Navarrette takes pains to note that Sen. Pearce is “the author of Arizona’s dreadful and dysfunctional immigration law SB-1070,” which is the law at the center of the Obama administration’s lawsuit against Arizona. Particularly galling — and to Navarrette’s way of thinking, revealing — are Pearce’s suggestions:
I do think there ought to be a moratorium, maybe, until we get our act together. …We’re allowing people to come through without complete background checks, you know, we’re letting people overstay their visas. … Um, there ought to be a timeout all the way around until we get our arms around national security.
Navarrette allows that:
Pearce is partly right. The immigration debate does need a timeout — on dishonesty. We need to pull the plug on the lies, including the absurd claim that immigration restrictionists aren’t going after legal immigrants.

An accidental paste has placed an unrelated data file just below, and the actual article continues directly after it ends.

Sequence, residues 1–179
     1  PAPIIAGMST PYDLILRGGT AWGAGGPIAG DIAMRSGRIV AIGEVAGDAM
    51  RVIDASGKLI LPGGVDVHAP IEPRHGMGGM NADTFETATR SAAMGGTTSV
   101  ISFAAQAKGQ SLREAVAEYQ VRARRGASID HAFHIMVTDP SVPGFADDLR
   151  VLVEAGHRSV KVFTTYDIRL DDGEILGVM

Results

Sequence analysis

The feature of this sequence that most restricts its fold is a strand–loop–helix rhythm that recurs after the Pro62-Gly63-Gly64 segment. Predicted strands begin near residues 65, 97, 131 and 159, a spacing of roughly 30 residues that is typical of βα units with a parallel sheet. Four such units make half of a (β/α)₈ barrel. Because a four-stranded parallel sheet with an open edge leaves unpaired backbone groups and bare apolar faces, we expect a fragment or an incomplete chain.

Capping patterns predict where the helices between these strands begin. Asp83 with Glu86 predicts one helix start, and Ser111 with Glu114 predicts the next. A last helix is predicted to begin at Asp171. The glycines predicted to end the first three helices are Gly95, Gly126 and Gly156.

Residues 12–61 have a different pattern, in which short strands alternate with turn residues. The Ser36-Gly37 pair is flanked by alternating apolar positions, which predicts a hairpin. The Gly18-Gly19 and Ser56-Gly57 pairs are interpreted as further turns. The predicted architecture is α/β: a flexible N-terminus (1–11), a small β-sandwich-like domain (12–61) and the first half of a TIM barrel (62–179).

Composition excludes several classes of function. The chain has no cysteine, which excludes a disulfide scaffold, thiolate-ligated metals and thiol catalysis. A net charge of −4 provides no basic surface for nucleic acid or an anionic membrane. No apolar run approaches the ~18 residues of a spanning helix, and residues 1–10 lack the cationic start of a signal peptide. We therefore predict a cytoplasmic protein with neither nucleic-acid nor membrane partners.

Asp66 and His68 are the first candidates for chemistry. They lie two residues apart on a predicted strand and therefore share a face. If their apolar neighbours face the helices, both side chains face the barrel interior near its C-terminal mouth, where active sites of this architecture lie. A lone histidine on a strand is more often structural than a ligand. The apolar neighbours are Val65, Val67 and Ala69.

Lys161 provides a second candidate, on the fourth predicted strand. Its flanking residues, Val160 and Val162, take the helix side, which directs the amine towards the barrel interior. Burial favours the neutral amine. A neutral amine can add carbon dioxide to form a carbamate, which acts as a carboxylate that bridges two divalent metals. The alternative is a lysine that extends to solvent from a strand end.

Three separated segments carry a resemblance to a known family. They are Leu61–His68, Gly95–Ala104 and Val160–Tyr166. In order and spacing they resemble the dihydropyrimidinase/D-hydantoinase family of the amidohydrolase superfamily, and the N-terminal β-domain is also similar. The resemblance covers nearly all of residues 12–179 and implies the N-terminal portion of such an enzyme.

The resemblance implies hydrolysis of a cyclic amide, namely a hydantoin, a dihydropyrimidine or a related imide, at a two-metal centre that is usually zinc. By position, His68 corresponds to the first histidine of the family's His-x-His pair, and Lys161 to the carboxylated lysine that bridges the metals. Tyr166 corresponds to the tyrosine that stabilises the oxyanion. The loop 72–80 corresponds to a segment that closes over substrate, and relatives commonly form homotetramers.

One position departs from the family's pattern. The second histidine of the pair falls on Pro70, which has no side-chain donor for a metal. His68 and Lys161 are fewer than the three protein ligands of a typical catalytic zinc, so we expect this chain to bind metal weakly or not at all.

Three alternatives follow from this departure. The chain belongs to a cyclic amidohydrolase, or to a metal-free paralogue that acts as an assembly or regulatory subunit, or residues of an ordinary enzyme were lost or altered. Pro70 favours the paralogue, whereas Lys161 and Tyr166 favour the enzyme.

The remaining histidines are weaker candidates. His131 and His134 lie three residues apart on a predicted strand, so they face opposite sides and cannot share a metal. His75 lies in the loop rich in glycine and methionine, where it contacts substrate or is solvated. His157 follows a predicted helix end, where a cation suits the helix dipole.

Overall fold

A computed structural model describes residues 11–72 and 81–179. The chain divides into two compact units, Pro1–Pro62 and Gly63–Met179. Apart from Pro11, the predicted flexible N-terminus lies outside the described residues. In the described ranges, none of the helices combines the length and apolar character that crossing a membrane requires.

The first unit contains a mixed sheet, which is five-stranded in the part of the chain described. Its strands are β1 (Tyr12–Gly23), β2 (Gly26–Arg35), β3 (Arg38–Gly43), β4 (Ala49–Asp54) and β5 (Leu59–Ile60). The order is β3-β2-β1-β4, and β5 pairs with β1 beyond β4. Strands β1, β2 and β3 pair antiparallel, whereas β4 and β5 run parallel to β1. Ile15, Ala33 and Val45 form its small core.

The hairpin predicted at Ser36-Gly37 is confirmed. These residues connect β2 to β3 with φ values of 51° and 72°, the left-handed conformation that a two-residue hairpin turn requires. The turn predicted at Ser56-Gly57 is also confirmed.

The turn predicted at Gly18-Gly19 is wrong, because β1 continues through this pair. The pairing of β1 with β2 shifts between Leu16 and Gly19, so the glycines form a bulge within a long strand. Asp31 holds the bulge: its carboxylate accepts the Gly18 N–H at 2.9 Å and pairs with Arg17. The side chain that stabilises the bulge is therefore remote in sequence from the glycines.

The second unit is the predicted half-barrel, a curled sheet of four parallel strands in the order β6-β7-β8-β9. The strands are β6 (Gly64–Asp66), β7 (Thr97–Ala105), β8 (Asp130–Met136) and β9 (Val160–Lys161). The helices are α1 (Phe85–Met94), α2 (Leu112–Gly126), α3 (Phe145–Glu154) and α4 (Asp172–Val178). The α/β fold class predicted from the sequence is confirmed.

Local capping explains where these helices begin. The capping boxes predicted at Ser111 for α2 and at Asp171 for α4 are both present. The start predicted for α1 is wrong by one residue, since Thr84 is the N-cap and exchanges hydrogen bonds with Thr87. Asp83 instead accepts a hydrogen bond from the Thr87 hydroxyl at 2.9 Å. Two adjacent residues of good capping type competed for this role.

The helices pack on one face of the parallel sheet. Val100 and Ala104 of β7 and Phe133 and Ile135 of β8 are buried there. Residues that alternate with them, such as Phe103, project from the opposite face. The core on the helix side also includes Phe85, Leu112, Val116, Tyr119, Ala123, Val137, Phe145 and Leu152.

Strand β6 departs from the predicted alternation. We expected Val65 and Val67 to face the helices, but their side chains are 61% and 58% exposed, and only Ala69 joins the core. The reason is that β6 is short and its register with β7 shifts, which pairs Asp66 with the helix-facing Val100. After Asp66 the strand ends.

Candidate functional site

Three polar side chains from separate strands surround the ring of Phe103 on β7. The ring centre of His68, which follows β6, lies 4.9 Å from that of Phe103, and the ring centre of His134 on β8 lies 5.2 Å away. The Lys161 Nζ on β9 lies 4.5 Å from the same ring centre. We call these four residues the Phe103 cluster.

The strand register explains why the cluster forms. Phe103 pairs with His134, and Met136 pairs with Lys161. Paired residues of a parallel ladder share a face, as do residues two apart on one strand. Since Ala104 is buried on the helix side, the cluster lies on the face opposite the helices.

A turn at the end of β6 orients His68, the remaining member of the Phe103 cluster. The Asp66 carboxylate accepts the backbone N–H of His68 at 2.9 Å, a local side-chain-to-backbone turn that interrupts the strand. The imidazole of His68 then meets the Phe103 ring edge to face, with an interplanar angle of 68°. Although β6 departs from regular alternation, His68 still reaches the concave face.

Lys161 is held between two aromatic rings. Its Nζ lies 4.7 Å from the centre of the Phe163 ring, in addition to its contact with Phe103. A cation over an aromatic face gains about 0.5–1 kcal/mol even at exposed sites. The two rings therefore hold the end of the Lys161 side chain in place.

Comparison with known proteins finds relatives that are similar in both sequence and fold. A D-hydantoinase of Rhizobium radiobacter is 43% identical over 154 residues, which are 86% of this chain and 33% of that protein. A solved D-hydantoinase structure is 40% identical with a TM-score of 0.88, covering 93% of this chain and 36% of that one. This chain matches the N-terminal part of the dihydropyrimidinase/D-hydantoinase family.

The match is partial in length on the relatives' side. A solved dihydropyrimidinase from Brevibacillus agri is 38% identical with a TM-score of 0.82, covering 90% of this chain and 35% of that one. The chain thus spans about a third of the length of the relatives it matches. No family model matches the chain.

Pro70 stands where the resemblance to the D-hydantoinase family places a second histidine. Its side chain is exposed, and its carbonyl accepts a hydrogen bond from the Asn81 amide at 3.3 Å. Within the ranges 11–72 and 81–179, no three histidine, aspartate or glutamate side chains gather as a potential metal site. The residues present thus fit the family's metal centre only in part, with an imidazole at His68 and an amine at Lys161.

Of course, they are. And that leads me to ask: what part of legal don’t these people understand?
Nr. Navarrette is correct that people take offense at being called racist or nativist, particularly when they are not. But he is wrong in asserting that the terms aren’t important. For progressives, the terms are the debate, or at the very least, a means to deflect sincere debate. It’s also rather, well, racist, to imply the virtue of virtually unlimited immigration while suggesting that many Americans believe that America was a better country “when the population was whiter.”
I suspect that a great many Americans will read the comments that Mr. Navarrette finds to be deceptive and will instead find them unremarkable. But for Mr. Navarrette, those citizens concerned about illegal immigration become “immigration restrictionists,” who not only wish to control illegal immigration but to entirely eliminate legal immigration, and who are hiding their complete agenda.